Dear Therapist:

Thank you so much for your weekly insights. I am looking for some help due to a loss in my family and I was offered a support group by a local organization. I am also considering a private therapist. Can you please explain the differences and benefits of one over the other? Do you have an opinion as to which is better in this situation? 



I’m sorry that you lost someone close to you. Of course, it’s natural to have strong emotions after a traumatic experience. But no two people are exactly alike. Each person’s emotions are based on uncountable experiences, reactions, triggers, insecurities, and other factors.  Therefore, no two people will mourn in exactly the same way.

Do people generally need help to deal with a death in the family? This would depend on the definition of “need” and of “help.” Certainly, most of us will lean on others in order to help deal with a trauma, tragedy, or loss. Do most of us “need” this help? Maybe not, but it can definitely help.

Many people will seek help outside of their immediate circles. This type of help can include support groups. There are a number of advantages of support groups. As the name suggests, group members can help to assist and encourage others with their shared experiences.

Sometimes, emotions can feel overwhelming. At these times, we can wonder how we can go on.

There are times when it can feel like we are the only person who has ever felt this way. In a sense, we’re right; no one else has ever felt exactly how we feel at that moment. But this is really splitting hairs. The issue isn’t that we feel unique (which we all are), but that we feel alone. We feel alone in our pain, alone in our confusion, and alone in our grief.

Support groups can help us to feel normal, to feel less alone, and to recognize that others experience feelings similar to ours. Often, the experiences of others can help us to learn strategies for dealing with our grief.

Some people opt to see a professional to help process their emotions. Advantages of individual therapy can include normalization of emotion, a better understanding of the grief process, and tools to help us work through our emotions. As you can see, there can be overlap between the advantages of supports groups and of individual therapy.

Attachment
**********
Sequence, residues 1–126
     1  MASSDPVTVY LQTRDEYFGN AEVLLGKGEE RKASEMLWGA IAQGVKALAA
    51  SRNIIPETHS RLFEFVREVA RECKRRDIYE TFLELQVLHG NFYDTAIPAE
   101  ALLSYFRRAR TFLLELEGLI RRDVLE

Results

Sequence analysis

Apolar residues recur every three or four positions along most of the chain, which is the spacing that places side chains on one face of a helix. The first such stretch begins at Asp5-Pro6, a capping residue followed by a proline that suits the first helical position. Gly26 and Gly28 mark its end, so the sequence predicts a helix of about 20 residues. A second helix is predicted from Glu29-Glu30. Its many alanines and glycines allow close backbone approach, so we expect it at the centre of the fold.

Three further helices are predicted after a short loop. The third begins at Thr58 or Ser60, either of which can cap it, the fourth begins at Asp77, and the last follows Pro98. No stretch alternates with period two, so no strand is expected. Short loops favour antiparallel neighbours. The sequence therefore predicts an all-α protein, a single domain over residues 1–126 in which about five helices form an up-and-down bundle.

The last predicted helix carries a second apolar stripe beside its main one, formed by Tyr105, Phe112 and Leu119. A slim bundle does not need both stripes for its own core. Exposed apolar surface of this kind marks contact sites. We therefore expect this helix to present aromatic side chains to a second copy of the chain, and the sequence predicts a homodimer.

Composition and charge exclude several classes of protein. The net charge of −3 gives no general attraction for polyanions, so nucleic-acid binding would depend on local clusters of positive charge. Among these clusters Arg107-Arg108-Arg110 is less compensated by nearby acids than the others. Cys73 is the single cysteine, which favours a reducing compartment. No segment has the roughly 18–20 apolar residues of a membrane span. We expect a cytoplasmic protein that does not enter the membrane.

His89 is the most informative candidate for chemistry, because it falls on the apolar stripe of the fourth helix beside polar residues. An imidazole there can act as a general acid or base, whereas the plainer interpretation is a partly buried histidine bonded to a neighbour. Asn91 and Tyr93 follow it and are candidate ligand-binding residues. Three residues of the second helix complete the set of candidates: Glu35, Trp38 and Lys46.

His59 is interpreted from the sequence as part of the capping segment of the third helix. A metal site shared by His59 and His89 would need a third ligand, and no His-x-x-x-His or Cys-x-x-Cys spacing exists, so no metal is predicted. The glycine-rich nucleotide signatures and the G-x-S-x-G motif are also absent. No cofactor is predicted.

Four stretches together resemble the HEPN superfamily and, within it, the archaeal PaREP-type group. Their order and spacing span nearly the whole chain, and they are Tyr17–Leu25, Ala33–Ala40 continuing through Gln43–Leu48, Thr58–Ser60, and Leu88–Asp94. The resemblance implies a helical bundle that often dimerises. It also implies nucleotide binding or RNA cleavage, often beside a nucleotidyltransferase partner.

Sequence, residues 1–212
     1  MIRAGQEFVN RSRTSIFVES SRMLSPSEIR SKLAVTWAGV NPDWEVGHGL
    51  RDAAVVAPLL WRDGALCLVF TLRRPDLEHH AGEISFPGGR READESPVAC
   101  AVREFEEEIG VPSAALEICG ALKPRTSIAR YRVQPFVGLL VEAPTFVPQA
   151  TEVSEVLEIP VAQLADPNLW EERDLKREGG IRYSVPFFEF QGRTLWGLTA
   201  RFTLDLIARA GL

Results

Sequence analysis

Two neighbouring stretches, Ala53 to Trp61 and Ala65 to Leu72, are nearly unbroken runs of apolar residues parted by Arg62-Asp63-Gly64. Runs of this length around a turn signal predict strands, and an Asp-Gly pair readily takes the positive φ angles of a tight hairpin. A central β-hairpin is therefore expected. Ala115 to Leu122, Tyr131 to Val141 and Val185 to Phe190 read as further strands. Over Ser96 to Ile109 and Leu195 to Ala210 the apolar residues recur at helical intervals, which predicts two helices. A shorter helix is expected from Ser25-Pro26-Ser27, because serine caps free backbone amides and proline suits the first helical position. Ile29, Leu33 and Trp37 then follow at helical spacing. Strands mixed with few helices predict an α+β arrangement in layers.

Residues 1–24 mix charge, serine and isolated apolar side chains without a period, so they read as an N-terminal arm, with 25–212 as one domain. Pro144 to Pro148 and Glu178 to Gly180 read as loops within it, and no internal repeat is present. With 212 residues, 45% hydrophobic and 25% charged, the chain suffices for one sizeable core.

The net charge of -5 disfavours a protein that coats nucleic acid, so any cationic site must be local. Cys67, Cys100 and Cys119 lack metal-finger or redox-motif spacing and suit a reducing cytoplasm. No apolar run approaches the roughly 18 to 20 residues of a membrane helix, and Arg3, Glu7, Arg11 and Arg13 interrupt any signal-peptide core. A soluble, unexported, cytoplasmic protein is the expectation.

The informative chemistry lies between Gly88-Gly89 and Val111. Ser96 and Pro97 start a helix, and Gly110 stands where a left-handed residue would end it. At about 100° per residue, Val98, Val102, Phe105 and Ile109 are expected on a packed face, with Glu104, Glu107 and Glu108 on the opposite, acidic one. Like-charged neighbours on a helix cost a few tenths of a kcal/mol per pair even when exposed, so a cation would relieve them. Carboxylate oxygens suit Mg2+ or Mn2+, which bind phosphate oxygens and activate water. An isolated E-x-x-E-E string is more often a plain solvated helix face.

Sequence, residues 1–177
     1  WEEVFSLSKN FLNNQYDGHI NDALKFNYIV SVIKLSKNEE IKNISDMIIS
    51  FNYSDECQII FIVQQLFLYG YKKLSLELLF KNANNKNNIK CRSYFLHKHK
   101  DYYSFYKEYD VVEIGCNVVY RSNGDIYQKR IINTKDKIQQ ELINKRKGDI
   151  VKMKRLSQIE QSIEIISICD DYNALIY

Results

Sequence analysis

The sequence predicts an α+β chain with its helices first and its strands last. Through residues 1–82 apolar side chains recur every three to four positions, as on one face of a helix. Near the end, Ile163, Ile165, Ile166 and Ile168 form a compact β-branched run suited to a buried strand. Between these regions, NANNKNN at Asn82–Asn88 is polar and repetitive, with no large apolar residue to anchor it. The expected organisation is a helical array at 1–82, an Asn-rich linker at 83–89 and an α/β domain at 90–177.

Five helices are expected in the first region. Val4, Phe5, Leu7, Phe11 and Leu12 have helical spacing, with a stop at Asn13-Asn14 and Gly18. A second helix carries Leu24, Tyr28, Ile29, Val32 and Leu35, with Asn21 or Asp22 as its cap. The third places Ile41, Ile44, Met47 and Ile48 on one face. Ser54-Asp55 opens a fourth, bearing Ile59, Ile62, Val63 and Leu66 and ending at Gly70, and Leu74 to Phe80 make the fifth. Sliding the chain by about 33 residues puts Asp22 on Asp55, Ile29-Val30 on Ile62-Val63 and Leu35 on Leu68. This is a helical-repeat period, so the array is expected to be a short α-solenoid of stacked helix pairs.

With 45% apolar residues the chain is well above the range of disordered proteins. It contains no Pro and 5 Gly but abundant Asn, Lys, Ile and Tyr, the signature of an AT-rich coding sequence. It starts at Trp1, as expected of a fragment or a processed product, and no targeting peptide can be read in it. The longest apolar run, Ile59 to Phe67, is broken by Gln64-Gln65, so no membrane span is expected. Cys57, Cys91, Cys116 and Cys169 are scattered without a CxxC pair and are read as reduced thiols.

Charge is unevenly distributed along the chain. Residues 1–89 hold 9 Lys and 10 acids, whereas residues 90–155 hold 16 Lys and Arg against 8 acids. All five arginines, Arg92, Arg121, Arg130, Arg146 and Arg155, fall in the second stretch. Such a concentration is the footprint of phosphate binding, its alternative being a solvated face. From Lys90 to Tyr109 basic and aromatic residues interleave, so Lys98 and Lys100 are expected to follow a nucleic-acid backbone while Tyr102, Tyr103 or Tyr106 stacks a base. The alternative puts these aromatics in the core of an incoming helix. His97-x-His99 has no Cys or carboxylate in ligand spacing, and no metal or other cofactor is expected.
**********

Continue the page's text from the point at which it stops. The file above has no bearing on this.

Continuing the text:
Some people “need” help more than others. This does not indicate weakness or failure. Each of us is unique. We all have very individualized experiences, emotions, and reactions. For instance, some people have more trauma in their lives than others. Depending on a multitude of factors, this can work in a variety of ways. The two most basic ways are either reacting less strongly due to having been inured to the effects of trauma or reacting more strongly due to the cumulative effect of unprocessed trauma.

There are an unimaginably large number of possibilities and ways in which each person processes their trauma, both in general and with regard to mourning. There are people for whom the “normal” ways of dealing with trauma don’t really work, and there are times when a person’s regular process doesn’t work for them. As mentioned, this can be due to a variety of factors.

Support groups are not always the answer for everyone. Some people simply don’t find them helpful. For others, it can feel depressing. For some people, support groups can actually feel isolating, especially if they feel (rightly or wrongly) that everyone else in the group is processing their emotions differently from them.

Many therapists have the training and experience necessary to help their clients identify their own needs, emotions, trauma reactions, and processes. Appropriate ways for each particular client to grieve—and to process their emotions—can be achieved through individual counseling. There are many things that therapists can address that would typically not be addressed in a support group. For instance, mental blocks and defense mechanisms can be acknowledged and worked through. Past traumas and their relationship to the current one could be addressed, and new processes and trauma reactions explored. 

A therapist should be open to each client’s needs, and should always seek to adjust their own perspective to better understand—and therefore help—their client. An experienced therapist with this ability can help the client to tailor an approach that is specifically designed to help that particular client. Additionally, an eclectic therapist draws from many therapeutic methods, further expanding the individualization of the therapy process.

-Yehuda Lieberman, LCSW

  psychotherapist in private practice

  Woodmere, NY

  adjunct professor at Touro College

  Graduate School of Social Work

  author of Self-Esteem: A Primer / 516-218-4200


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